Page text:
Welcome to Middlebury, Indiana, population 3,605, the unexpected headquarters of a rapidly expanding ‘Amish crack’ empire.
Rise’n Roll Bakery and Deli is home to a variety of Amish-style goods at 12 different locations in Indiana, and will open a new franchise near Indianapolis in six weeks. Enter the original Middlebury location and one will find jars of jam, bottles of honey, a selection of Amish romance novels, a spinning display case of pies, a cooler full of massive blocks of cheese and donuts – Bavarian cream, peanut butter and “Crunch Bismark.”
Upon seeing the boxes and boxes of one particular product that sit on a long wooden counter, it becomes obvious which 350-calorie treat has made Rise’n Roll famous: the cinnamon caramel donut, for sale by the dozen, half-dozen, or in donut hole form. Over 50,000 are produced by an 18-person donut crew at the original facility in Middlebury each week and shipped across the region to the multiple Rise’n Roll locations.
It isn’t uncommon to hear these popular donuts referred to as ‘Amish crack,’ a nickname used because of the addictively delicious combination of caramel and cinnamon powdered sugar that sits atop a soft yeast donut. The nickname has become more popular among customers over the years, though Rise’n Roll has yet to adopt the term.
According to out-of-towner George Miller, who was eating at the Middlebury location on Tuesday morning, “they’re awful good.”
Marshall King, a freelance food writer and adjunct journalism professor at GC, has worked and eaten in Michiana for 20 years. He argues that Rise’n Roll lovers are using the name incorrectly.
“Back in the day, when I was an early evangelist for the goodness of Rise’n Roll, the crunch was called ‘Amish crack,’” King writes in a 2016 South Bend Tribune article, “though now it’s in the Urban Dictionary describing the doughnuts.”
For King, Amish crack describes one thing: caramel cashew crunch, a simple four-ingredient toffee also sold by Rise’n Roll bakeries since 2004. It’s not a new product and has been around longer than most of Rise’n Roll’s inventory. Still, it hasn’t gained nearly the cult-following that the donuts have.
King himself takes some credit for popularizing the phrase ‘Amish crack,’ although he asserts that he never used it to describe the donuts. Rise’n Roll officially opened in 2004, and he began writing about them soon after, using the phrase (in reference to the crunch) frequently.
King claims it was Amish women themselves who first called the crunch ‘Amish crack,’ but Rise’n Roll executive director Russ Crawford has a different story.
“It came out of the Chicago markets,” he said. “Rise’n Roll used to go and do pop-up markets at various locations around Chicago, and then that is where the crunch – the cashew crunch, the pecan crunch, the nutty crunch – was all originally called ‘Amish Crack’, and then several years later, when they got ahold of the cinnamon caramel donut, then that became what it is today.”
‘Amish crack’ quickly became synonymous with the cinnamon caramel donuts, instead of the crunch.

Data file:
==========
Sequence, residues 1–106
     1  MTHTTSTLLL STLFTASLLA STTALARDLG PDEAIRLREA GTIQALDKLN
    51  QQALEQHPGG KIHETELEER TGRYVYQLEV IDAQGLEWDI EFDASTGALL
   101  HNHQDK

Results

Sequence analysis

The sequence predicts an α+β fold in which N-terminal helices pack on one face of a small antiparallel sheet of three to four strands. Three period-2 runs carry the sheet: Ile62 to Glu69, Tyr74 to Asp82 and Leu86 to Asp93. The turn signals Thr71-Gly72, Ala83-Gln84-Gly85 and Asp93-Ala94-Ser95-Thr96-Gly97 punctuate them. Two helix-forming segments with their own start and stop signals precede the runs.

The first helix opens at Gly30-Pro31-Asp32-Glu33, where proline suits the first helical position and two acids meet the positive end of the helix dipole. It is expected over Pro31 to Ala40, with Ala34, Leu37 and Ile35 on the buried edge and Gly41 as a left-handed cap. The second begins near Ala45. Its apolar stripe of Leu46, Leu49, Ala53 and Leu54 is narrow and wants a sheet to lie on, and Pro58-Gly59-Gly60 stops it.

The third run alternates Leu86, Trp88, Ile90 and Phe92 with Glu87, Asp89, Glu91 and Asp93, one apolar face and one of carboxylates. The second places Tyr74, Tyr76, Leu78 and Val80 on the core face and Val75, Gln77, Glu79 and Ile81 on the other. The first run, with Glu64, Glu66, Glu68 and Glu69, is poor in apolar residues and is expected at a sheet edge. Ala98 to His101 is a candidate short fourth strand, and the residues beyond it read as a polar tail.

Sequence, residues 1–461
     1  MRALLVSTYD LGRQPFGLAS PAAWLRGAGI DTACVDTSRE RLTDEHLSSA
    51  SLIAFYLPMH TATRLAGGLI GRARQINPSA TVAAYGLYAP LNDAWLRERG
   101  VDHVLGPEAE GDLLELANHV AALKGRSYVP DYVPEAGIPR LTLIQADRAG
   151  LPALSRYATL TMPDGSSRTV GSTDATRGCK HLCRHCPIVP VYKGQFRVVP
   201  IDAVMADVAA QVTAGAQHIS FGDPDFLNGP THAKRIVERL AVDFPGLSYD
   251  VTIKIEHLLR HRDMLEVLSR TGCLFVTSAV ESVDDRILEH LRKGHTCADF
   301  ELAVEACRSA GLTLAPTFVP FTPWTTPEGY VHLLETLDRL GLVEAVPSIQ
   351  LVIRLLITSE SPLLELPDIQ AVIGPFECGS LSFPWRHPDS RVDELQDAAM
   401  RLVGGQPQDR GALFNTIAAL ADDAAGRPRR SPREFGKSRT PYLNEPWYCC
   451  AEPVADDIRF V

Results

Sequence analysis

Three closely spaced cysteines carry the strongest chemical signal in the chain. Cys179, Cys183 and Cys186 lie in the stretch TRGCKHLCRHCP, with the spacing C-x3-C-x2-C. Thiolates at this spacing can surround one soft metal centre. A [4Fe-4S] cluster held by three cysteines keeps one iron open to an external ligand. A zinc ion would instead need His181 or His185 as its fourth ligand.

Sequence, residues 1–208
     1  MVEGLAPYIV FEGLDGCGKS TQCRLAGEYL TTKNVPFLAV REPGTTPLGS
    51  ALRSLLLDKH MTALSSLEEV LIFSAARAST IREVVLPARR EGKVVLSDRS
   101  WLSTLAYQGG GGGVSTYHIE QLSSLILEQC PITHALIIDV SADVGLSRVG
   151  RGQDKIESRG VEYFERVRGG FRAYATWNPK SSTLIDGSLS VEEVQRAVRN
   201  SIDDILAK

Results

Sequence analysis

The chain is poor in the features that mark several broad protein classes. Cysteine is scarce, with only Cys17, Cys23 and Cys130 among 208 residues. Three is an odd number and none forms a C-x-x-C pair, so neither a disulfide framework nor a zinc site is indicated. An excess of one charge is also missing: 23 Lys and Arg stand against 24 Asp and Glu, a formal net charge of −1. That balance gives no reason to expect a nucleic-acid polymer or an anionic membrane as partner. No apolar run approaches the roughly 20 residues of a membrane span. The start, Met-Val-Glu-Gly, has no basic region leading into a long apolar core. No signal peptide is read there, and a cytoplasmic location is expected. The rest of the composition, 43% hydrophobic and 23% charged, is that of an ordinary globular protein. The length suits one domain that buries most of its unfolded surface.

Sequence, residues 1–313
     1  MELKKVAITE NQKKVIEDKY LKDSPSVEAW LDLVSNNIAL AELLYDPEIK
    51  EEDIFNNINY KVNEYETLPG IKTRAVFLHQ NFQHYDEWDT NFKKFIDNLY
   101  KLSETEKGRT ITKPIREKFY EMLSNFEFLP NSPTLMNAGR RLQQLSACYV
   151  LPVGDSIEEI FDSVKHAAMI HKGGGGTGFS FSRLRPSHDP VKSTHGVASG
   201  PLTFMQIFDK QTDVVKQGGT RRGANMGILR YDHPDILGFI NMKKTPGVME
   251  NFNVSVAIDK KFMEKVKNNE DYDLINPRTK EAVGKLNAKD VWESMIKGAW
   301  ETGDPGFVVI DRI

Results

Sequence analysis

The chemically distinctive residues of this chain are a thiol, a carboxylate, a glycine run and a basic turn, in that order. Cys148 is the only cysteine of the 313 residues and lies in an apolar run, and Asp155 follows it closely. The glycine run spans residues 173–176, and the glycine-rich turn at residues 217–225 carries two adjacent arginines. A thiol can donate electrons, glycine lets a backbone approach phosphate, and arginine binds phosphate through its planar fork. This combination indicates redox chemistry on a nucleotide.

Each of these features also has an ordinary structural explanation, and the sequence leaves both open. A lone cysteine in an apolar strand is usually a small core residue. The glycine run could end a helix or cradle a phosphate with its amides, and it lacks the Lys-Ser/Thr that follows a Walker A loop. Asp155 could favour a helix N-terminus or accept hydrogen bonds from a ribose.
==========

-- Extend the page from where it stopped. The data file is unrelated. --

Despite these discrepancies around who popularized the term, there is no denying that Amish crack once meant something completely different from what it means now.
King takes some credit for expanding the local lexicon, but still has some qualms about the phrase.
“Should we be calling a treat the name of a drug?” he said.
According to executive director Crawford, the Amish who live and work in the area aren’t offended by the term.
“All of the Amish people know it as Amish crack,” Crawford said, “to them it’s kind of funny.”
Though Rise’n Roll doesn’t officially use the phrase, they take it in stride, and the business has benefited greatly from the free advertising that happens when people spread the word.
It’s become so popular that Rise’n Roll is currently working to trademark the term, so that other businesses can’t co-opt it. The trademarking process has been harder than expected, due to the fact that they don’t actually use the phrase on any of their products.
“It’s in a gray area for trademarking,” said Crawford, “because if we don’t use it, we can’t trademark it.”
The iconic donut was used, with permission, by Interra Credit Union for their “We live here too” campaign, which aimed to portray the credit union as trustworthy and local. One of their bright orange billboards featured a photo of the cinnamon caramel donut: “If your favorite donut has an unusual nickname… we get it, we live here too.”
Amish crack has also gained national attention, especially after the cinnamon caramel donut was named the official donut for National Donut Day by Dawn Foods Magazine in 2018. Rise’n Roll and their donuts were then featured in a 2018 article by OZY, a media and entertainment company based in California that produces content on multiple platforms. Their article, titled “Love donuts? You gotta try ‘Amish crack,’” made no mention of the cashew caramel crunch, the original ‘crack.’
For GC college students with an appetite, there is no better treat than a sticky, powdery ring of fried dough.
Emma Bontrager, first year, claims that Rise’n Roll “is the only good thing God gave Indiana.”
At this point, King has accepted there is no going back.
“It’s probably time for me to just give it up,” King said. “I mean, I’m not gonna change how people use the term at this point. It’s taken on a life of its own.”
He finds the name change more of an interesting anecdote than something of great importance.
“I think it’s a fascinating study in language,” he said, “the meaning of the term changed, and for many people ‘Amish crack’ now means the donuts, not the crunch. And that just is what it is.”